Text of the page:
Academic journal article Studies in Art Education

If Art Education Then Critical Digital Making: Computational Thinking and Creative Code

Academic journal article Studies in Art Education

If Art Education Then Critical Digital Making: Computational Thinking and Creative Code

Article excerpt

Imagine teeth, eyes, and tongues are digitally added to a shadow puppet as a child's arms move in front of a light projection. The enhanced shadow puppet squeaks and growls, growing shapes that react as the child moves around (see Figure 1) Imagine students' charcoal drawings are scanned and run through a computer program to create an animated virtual fungus growing around the light and dark passages of the drawing (see Figure 2) How is this possible? How can software interact with shadow puppets and charcoal drawings? These are examples of creative code (Maeda, 2004; Peppler & Kafai, 2005), programmable objects1 developed as art by Philip Worthington (Shadow Monsters, 2004-present)2 and Ryan Alexander (Mycelium, 2005-present) These examples are a small representation of the history of code-based artworks exploring both digital image manipulation and realtime performance (Lovejoy, 1997) Creative coding requires a range of problem-solving skills using computer algorithms or what has generally been called computational thinking (Wing, 2010) In this article, we discuss the value of art students engaging in computational thinking by playfully creating their own computer code as both an art medium and as an opportunity to critically think about the ways programmable digital media shapes society 3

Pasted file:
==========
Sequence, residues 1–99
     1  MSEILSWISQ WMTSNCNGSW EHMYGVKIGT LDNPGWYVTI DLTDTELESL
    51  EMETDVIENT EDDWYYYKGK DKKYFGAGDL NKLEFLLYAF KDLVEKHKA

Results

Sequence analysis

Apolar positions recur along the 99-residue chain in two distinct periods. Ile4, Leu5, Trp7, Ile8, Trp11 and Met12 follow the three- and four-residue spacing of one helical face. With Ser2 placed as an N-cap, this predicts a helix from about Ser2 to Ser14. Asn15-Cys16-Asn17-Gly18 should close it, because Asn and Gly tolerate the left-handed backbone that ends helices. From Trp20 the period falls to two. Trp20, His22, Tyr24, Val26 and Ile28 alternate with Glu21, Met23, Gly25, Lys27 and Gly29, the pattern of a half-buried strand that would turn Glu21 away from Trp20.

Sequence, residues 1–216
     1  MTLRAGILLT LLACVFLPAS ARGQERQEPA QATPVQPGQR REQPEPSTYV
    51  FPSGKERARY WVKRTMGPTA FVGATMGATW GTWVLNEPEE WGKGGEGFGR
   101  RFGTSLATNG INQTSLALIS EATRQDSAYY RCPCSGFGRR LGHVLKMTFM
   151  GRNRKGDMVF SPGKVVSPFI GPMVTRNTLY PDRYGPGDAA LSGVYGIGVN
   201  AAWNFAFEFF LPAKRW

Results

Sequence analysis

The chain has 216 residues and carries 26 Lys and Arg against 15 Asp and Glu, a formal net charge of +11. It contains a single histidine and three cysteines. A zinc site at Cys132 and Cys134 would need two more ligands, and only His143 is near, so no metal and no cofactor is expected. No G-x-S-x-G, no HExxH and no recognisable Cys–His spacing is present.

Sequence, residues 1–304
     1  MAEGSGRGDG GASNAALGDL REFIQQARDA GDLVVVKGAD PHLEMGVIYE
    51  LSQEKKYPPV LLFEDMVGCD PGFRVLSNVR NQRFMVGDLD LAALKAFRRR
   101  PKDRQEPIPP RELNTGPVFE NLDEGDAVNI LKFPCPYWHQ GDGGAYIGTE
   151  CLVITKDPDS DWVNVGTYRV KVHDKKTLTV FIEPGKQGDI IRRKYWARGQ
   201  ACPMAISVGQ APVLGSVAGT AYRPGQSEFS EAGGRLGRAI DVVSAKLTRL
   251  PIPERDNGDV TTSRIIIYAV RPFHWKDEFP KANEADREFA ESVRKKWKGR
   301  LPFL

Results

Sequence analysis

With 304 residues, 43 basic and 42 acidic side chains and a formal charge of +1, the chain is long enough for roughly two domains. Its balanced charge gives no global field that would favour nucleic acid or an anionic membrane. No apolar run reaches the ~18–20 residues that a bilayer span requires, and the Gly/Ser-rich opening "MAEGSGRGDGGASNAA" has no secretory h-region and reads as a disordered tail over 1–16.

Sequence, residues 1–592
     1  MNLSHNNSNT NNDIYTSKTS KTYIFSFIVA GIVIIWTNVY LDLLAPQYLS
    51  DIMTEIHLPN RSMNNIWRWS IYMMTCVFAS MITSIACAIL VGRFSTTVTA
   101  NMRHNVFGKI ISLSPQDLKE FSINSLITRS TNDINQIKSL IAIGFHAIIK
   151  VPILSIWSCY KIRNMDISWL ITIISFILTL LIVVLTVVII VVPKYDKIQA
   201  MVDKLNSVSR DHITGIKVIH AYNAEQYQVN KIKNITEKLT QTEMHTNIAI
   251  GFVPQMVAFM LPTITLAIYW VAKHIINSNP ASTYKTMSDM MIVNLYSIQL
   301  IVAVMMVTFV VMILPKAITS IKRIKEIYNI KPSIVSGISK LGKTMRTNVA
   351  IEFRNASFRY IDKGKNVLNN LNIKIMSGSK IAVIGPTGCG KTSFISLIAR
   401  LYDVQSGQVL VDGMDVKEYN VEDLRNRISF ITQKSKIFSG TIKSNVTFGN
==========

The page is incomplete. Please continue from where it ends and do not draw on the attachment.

When art students play a video game or show each other their favorite smartphone app, too often they are able to discuss how the computer program interacts with the user, but unable to describe or articulate how these programmable objects function Yet, art students can articulate firing processes in ceramics; how light and chemical reactions work in darkroom photography; or how mixing of pigments affects the hue, value, and chromatic intensity of paint All of these forms of knowledge develop the technical skills of artists However, these are not the only forms of knowledge a 21st-century artist might need Recent art education scholarship includes critique, analysis, and making with digital media as part of field research in visual culture and digital literacy (Buffington, 2008; Castro, 2012; Darts, 2010; Keifer-Boyd, 2005; McClure, 2013; Sweeny, 2010; Taylor & Carpenter, 2002) However, few art educators have demonstrated expertise in computer programming, so the field has largely stayed away from critically investigating how programmable objects function and developing technical skills like computer programming as a creative practice for art contexts Digital media theorists-critically looking at programmable objects like the video game Civilization® (Galloway, 2004) and image editing software like Adobe® Photoshop® (Manovich, 2013)-examine how cultural biases and limitations impact software's functionality in culture and contemporary society To fill in the gap between theory and practice, we argue that art education can play a role in developing the critical thinking skills of 21st-century students by augmenting the K-12 art curriculum to include computational thinking as a practice of critical digital making-a creative process using programmable objects to engage with sociocultural contexts to make art